7 Simple Ways to Save on Your Heating Bill


Each winter, millions of Americans try to find their “heating sweet spot” – that perfect intersection where you’re not sporting a parka in your home for warmth, and you’re also happy with your monthly energy bill.

Err on one side, and you can binge-watch your favorite Netflix series in shorts and a T-shirt. Pull back too much on the heat to save money and you end up resenting the winter season. Use the 7 simple and smart tips below, and you’ll get to the point where your home and your wallet are both comfortable.

1. Stop heating unused spaces

Are you heating spaces in your home that you barely use (if at all)? Before our son was born, we rarely ventured to the second floor of our home. Our home came with two furnaces, and so we simply turned the heat off on the second floor.

Understand that heat rises, which means our downstairs furnace was taxed more than if we had both of them blowing and going. However, we still felt comfortable in the main areas of the house, and we were able to shave a significant amount of money off of our heating bill.

Another way to do this is to quarantine off the rooms that you don’t use during the coldest winter months. Just shut the vents inside of the room and shut the door.

2. Get snuggly at night

Did you know that humans sleep most comfortably in 65-degree temperatures? I tend to run a bit cold, myself, so I wouldn’t personally take our home down to 65 degrees at night. But I also know I don’t sleep well when it’s too warm.

We drop our home by a few degrees at night and opt for thick, winter blankets instead. Use this information to program your thermostat for a lower temperature at night, and then to start heating up a few degrees right before your alarm goes off in the morning.

3. Get a water heater blanket

It turns out that your water heater uses up more energy in the winter than it does in the summer. This is because the outside temperatures are colder, and unless you have your water heater insulated, it’ll take more energy to heat your water to the same degree.

This is especially true if your water heater tank is in an area that’s not temperature-controlled, like the garage or the attic. By adding a water heater blanket, you can stop your water heater from adding to your winter energy bills.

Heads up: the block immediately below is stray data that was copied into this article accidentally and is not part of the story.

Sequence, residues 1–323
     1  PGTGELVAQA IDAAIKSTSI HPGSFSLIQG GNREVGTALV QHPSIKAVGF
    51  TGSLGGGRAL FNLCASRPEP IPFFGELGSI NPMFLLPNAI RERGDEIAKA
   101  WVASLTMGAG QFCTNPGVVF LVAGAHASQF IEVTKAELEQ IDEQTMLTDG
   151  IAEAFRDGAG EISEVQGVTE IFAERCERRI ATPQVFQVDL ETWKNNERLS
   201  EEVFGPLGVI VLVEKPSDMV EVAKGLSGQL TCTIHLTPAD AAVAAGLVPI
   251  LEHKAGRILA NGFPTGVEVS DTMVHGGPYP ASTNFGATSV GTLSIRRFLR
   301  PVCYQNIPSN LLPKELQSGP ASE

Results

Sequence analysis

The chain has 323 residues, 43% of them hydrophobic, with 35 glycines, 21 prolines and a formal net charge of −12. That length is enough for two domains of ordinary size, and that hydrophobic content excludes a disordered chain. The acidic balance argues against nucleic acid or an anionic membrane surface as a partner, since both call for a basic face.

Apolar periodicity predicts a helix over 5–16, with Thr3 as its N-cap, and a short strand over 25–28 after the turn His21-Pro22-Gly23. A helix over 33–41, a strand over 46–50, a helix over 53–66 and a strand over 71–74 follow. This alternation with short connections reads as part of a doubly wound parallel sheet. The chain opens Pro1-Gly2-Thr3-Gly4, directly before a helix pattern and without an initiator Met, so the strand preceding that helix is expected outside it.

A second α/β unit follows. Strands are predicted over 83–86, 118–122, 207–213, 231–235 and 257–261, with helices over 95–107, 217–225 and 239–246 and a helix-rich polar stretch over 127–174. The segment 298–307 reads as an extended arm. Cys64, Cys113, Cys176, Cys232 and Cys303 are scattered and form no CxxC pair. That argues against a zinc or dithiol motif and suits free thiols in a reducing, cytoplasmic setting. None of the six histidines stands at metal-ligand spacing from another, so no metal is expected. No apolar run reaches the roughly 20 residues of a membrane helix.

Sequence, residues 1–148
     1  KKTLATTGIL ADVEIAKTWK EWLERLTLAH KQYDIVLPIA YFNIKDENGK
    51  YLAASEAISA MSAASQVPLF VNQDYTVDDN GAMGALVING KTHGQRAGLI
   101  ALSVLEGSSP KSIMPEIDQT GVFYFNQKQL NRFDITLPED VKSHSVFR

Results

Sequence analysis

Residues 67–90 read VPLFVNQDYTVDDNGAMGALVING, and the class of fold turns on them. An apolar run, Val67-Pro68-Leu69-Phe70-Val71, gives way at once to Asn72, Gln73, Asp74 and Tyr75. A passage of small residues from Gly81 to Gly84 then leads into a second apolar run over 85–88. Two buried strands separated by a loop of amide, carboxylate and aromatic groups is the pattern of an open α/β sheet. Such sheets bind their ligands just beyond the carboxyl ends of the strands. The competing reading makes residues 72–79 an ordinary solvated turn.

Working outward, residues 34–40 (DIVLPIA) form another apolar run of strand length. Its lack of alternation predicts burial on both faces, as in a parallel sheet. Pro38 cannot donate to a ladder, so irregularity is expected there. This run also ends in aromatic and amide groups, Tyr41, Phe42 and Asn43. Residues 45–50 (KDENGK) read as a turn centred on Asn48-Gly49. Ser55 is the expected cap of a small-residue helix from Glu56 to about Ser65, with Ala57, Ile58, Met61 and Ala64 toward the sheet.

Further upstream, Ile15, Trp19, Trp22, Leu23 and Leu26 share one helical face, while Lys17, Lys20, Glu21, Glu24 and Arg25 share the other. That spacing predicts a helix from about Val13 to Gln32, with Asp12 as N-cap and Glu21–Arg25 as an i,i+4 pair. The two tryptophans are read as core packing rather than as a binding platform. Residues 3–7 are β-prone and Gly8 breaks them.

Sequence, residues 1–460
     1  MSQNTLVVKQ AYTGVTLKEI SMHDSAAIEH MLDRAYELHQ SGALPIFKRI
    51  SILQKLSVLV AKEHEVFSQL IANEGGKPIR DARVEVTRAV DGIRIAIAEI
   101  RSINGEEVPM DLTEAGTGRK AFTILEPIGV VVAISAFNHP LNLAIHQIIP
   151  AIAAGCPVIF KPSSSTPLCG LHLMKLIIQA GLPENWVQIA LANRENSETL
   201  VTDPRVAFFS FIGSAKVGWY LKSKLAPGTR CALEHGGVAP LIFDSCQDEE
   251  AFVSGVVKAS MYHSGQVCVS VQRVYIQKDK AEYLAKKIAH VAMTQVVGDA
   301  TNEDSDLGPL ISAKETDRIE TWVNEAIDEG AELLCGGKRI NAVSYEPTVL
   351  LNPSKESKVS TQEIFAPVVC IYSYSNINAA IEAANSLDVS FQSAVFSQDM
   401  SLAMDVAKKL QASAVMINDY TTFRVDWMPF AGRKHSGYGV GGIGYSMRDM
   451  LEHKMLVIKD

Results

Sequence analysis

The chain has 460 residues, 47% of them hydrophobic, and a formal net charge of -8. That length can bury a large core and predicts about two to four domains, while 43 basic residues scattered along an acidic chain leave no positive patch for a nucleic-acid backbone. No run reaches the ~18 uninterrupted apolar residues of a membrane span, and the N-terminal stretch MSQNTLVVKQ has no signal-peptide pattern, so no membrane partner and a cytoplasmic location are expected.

4. Plug the leaks in your air ducts

Several years ago, we had a free air duct audit from our electricity company. Not only were there several holes in our air duct leaking cold and hot air into the attic (depending on the season), but part of the air duct was unattached from the unit. That was very revealing! If you live in an older house or have an older system, then you definitely should take the time to find and tape over any leaks in your exposed air duct system.

5. Change your air filters

Routinely changing your system’s air filter is important for two reasons. First, it makes the system more efficient – think about it, if there’s a bunch of dust and dirt on the filter, then not all of your warm air is getting through. Secondly, because it’s less taxing on the machine. If your furnace has to work harder to pump out air through a bad filter, then it won’t last as long. And I can tell you from experience that replacing a furnace is not cheap.

6. Dress appropriately for the season

My father is going to chuckle when he reads this one because his mantra during my childhood in our very drafty, 150-year old farmhouse was to “put on socks.” And it’s true – for some reason, I just never dressed appropriately for the winter inside our house (even though I dressed for winter whenever I left our home).

You can be comfortable with turning your thermostat down a degree or two if you actually dress for it. This means wearing winter socks, putting a thermal shirt under your shirt, even wearing leggings under your jeans.

7. Consider the placement of your thermostat

It turns out that where your thermostat is installed matters when it comes to your heating bill. You don’t want your thermostat located on a wall that gets exposed to extreme temperatures – either cold or hot. In general, you want to place your thermostat on an internal wall that isn’t right near a vent.

It’s not that hard

The fact is, you don’t have to sacrifice a lot – comfort-wise or financially – to enjoy the cold weather. Set yourself up for the colder months by making just a few tweaks from the suggestions above.

–Amanda L. Grossman



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